Jiajing wasn’t the first or last to pursue everlasting youthfulness. It has been the stuff of legend and fantasy since we first began dreaming. Fantasy, legend, dreams—the realms of the supernatural but never the scientific. Until now.
Aubrey de Grey is a Cambridge gerontologist and co-founder or the California-based Strategies for Engineered Negligible Senescence (SENS) Research Foundation. Gerontology is the study of aging, and de Grey is currently making waves in the field.
De Grey is at the epicentre of a growing cohort of researchers who believe we are on the cusp of a biological revolution which will give rise to therapies that will enable many of us already born to achieve something like Jiajing's dream. In other words, he believes that the first person who will live to be 1,000 is already alive today.
So is immortality just around the corner?
“The first thing I want to do is get rid of the use of this word immortality, because it’s enormously damaging, it is not just wrong, it is damaging,” de Grey told me. “It means zero risk of death from any cause—whereas I just work on one particular cause of death, namely aging. It is also a distraction, it causes people to think this whole quest is morally ambiguous and technologically fanciful.”
But put another way, he’s more optimistic. “If we ask the question: ‘Has the person been born who will be able to escape the ill health of old age indefinitely?’ Then I would say the chances of that are very high,” he said. “Probably about 80 percent.”
“We will be able to keep one step ahead of the problem and keep rejuvenating the same people as long as we like. That is what longevity escape velocity is all about.”
It’s not that de Grey has a cure-all magic potion ready to bottle back in the lab. There’s no 21st century version of Jiajing’s elusive elixir. The SENS roadmap is not based on stopping the aging process, but on undoing the damage done by the wear and tear of life. For example, they are currently working on the development of a therapy that stimulates the immune system to selectively target and kill so-called “death-resistant cells” that have lost the ability to divide, healthy cells then multiply and replenish the tissue. These therapies will then continue to improve, adding to an individual’s life expectancy faster than they are using it up. It’s a concept that de Grey calls “longevity escape velocity.”
“The therapies that we are working on at the moment are not going to be perfect,” he said. “These therapies are going to be good enough to take middle age people, say people aged 60, and rejuvenate them thoroughly enough so they won’t be biologically 60 again until they are chronologically 90. That means we have essentially bought 30 years of time to figure out how to re-rejuvenate them when they are chronologically 90 so they won't be biologically 60 for a third time until they are 120 or 150. I believe that 30 years is going to be very easily enough time to do that.”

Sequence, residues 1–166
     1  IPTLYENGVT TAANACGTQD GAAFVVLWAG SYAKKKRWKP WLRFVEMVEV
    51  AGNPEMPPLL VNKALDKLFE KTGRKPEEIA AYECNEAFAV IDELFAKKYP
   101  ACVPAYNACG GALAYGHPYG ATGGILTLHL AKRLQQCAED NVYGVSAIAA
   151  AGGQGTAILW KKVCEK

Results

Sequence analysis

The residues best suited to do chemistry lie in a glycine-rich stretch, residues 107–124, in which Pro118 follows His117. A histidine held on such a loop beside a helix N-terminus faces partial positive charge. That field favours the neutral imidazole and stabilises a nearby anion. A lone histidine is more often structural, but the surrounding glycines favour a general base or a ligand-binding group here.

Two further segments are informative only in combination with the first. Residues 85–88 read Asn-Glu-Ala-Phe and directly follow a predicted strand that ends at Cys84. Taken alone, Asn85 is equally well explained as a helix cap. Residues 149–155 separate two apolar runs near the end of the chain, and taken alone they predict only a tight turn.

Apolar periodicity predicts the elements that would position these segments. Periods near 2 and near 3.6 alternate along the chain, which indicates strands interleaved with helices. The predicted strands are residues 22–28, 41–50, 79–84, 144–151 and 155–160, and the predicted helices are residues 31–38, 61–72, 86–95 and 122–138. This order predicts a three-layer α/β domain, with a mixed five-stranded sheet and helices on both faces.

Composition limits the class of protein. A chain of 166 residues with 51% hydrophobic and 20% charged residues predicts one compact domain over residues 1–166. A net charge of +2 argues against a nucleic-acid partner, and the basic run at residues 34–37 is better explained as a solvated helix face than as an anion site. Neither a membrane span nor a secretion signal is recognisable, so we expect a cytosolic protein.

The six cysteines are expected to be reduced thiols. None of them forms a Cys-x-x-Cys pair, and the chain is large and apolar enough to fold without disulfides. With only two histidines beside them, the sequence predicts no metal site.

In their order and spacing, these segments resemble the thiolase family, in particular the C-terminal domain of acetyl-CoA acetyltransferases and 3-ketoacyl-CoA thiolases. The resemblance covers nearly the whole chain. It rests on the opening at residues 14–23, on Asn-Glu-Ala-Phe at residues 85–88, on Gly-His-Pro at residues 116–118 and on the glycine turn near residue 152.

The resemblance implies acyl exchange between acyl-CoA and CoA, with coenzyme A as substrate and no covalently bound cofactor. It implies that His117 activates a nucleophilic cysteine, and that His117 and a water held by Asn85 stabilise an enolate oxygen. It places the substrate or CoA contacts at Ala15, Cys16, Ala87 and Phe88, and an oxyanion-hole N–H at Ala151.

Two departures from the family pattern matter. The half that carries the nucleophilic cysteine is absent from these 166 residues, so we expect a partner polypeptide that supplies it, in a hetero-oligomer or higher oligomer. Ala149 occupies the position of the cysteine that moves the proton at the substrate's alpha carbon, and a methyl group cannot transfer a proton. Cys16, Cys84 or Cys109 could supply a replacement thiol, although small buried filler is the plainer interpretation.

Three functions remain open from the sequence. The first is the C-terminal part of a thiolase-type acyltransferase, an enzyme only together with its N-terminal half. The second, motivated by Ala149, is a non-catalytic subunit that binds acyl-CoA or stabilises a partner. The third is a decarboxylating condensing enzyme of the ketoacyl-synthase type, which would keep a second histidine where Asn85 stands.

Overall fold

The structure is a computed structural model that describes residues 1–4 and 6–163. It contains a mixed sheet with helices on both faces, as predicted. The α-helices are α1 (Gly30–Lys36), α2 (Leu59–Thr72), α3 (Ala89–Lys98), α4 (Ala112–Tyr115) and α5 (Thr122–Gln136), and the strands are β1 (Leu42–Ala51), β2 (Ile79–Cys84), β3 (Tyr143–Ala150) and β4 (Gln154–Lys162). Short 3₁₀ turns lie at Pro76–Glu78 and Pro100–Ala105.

Typically gerontologists have investigated ways of preventing metabolism from causing damage to the body, but de Grey doesn’t see this as the way forward. “The alternative is to let the damage be created but to repair it periodically so that it never becomes so abundant that it causes pathology,” he said. “We will be able to keep one step ahead of the problem and keep rejuvenating the same people as long as we like. That is what longevity escape velocity is all about.”
The SENS model of gerontology is built on the principle that all of the many different metabolic reactions can be described within just seven categories. These include the accumulation of intracellular “junk” (malformed proteins within a cell); the accumulation of extracellular “junk;” extracellular crosslinks (unwanted chemical bonds that bind proteins); cell death; death-resistant cells; cancerous cells; and finally mutations to mitochondrial DNA.
De Grey claims that these “seven deadly things” constitute all pathological effects of aging. But perhaps his boldest claim is that we already have the knowledge to control and repair each of these different types of damage, and it is purely a matter of time before we begin to implement these therapies in living organisms.
“We need to make step by step breakthroughs in all the seven categories, but the big breakthrough in terms of publicity will be when we can take middle aged mice in the laboratory and rejuvenate them,” he said. “Once we can do it for mice, people are going to know that its only a matter of time before we can do it for human beings. So that’s where I want to get to and I think we have a fair chance of getting there in six to eight years from now.”
Naturally, de Grey tells me that his strategy to end aging will most likely be developed before any other. However, if it is actual immortality you are after, you might want to think about uploading your conscience. This may sound farfetched, but it’s an idea that Stephen Hawking believes could one day be possible. Speaking at the Cambridge Film Festival in 2013, the theoretical physicist explained: “the brain is like a programme in the mind, which is like a computer, so it's theoretically possible to copy the brain onto a computer and so provide a form of life after death.” Once a person’s mind has been uploaded onto a computer it is possible they could exist for as long technology exists. Whether this is “living” is debatable. It will also probably be quite some time before we have the capabilities to do this, but if de Grey’s work can stave off the effects of old age we may live long enough to be afforded the luxury of digital immortality.